xxvii They believe in themselves, and still more in the Power which pulls chronic compulsive overeaters back from the gates of death.

xxviii Frothy, emotional appeal seldom suffices . . . must have depth and weight.


How dark it is before the dawn.

I was soon to be catapulted into what I like to call the fourth dimension . . .

Fresh skinned and glowing.. There was something about his eyes.

He had that starry eyed look.


. . . the feeling of having shared in a common peril is one element in the powerful cement which binds us. (others were going through this as well!)

AA 12x12

. . . we become as open-minded to conviction and as willing to listen as the dying can be. (Reminds me of the treatment plan set up for cancer. Can’t imagine saying, well, I am willing to do the surgery and radiation but I think I will pass on the chemo for now.)

OA 12x12

. . . we can’t handle life through self will alone. First we grasp this knowledge intellectually, and then finally we come to believe it in our hearts.

The remainder of what happened after detox and early abstinence, revolves around the rest of the twelve steps.

I would like to complete my Step One story today with some reflection on pages 34-43 in the AA Big Book.

At this stage of my recovery I am still looking for ways I may have hidden “pockets” of denial on all three levels—physical, emotional, or spiritual. There are so many good studies available. I highly recommend studying with those who have a lot more years of ESH (Experience, Strength and Hope) than I do. This has helped me uncover more binge foods, more resentments, and also more healthy spiritual options for living. You can review the studies in the archives by clicking this link http://www.therecoverygroup.org/wts/index.html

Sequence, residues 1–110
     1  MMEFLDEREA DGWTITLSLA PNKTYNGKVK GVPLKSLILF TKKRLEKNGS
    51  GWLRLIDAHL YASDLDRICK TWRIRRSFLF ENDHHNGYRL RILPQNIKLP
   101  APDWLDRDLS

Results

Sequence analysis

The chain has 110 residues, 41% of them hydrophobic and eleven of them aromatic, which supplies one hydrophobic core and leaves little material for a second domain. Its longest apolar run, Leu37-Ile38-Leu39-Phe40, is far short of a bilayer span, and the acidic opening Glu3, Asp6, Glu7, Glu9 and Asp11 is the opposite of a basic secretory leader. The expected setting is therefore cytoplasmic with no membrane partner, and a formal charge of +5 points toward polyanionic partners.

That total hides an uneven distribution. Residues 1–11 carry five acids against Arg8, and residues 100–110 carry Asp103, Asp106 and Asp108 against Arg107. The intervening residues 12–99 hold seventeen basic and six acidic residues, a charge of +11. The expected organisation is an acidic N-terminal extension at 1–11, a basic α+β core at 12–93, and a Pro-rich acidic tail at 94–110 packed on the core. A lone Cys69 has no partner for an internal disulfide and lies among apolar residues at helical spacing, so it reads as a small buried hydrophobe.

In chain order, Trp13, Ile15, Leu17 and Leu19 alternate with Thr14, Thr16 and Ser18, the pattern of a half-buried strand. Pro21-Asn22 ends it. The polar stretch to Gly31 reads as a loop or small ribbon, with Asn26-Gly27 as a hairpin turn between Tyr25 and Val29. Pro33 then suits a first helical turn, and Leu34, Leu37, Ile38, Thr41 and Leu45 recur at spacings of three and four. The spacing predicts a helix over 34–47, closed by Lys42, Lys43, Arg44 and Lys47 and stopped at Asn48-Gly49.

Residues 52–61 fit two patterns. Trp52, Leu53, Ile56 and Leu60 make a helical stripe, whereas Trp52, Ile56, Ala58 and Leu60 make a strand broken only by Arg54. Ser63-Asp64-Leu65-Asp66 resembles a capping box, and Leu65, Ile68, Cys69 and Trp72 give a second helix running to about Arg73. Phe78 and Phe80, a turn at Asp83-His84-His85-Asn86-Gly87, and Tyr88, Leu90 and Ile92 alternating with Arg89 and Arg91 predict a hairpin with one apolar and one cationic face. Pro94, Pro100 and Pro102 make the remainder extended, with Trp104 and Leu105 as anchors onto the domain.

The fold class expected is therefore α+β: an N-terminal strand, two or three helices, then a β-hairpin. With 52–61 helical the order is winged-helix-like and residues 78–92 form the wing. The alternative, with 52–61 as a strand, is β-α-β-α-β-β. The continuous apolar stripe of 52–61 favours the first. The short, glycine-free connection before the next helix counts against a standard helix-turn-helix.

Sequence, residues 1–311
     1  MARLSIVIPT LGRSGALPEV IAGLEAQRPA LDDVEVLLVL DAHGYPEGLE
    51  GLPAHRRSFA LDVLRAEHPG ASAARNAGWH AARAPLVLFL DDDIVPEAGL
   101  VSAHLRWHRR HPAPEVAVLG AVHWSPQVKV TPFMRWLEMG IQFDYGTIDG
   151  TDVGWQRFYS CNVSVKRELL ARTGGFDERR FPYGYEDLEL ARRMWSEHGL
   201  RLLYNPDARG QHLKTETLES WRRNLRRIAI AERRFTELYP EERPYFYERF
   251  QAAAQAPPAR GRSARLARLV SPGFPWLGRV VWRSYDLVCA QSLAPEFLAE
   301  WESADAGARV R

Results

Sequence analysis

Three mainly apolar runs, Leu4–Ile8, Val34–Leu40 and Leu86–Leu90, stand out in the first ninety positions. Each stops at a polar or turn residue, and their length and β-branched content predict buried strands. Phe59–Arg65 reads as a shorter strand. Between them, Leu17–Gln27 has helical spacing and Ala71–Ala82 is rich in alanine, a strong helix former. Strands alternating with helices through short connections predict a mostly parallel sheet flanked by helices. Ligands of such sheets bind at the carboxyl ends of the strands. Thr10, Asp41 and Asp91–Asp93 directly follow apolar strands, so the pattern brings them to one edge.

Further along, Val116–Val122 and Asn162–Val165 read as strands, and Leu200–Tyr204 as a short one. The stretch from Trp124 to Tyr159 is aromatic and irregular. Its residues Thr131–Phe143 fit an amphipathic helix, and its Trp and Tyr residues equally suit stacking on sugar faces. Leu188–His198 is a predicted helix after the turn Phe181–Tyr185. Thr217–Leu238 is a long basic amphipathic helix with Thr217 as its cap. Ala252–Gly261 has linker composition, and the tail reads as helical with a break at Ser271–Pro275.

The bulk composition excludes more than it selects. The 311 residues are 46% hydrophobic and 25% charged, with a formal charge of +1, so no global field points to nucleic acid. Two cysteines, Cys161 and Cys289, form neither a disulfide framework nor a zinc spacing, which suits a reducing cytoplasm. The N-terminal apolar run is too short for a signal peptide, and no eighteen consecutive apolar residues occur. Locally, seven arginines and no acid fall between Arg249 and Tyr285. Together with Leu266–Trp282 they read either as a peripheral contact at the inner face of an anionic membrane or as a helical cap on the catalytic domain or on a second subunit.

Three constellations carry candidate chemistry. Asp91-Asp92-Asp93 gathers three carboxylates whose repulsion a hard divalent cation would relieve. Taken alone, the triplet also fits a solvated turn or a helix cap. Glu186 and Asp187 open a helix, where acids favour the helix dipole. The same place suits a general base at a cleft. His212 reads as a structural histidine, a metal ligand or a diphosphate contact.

My take on discovering what my binge foods or addictive behaviors are is to draw three concentric circles. The small one in the middle is the bulls eye of a target. In that circle, I put foods I can eat under all circumstances when I am working my program a day at a time and reasonably fit spiritually. In the next middle circle I put healthy abstinent foods that I am tempted as to portion size. (I will leave that to your imagination!) The Outer Circle are highly suspicious foods. (I will leave that to your imagination!) And outside that circle is no man’s land! That is where my binge foods go.

In reading page 34 of the AA BB it says we can determine if something is “dangerous” to us by abstaining for a year from that substance. (Of course this refers to abstaining from alcohol on a non-spiritual basis but the principle seems to work well for me on the food as well) It says some will be drunk the next day! Most within a few weeks. This has been my experience with foods that are dangerous for me. I will usually not want to give them up for any period of time. Let alone a year. I did this with a food that I didn’t want to do it with and found that I had a bit of emotional dependence on it and after abstaining for a long time from it and working on that issue I am now able to eat it in moderation. I do however, hold myself ready to “do the year experiment again!” Our illness is progressive even when abstaining and our sensitivity can change to certain substances. Especially if we overuse them. Hint, hint! :)

The other part of this section (p 34- 43) has 3 stories: Jim, Jay-Walker, and Fred. I am fascinated with this section.

*With Jim, look for attitudes prior to his whiskey and milk experiment. Look at how he started his day. Look at how he minimized his emotional state as well as why he was irritated. No EGO or denial there, right?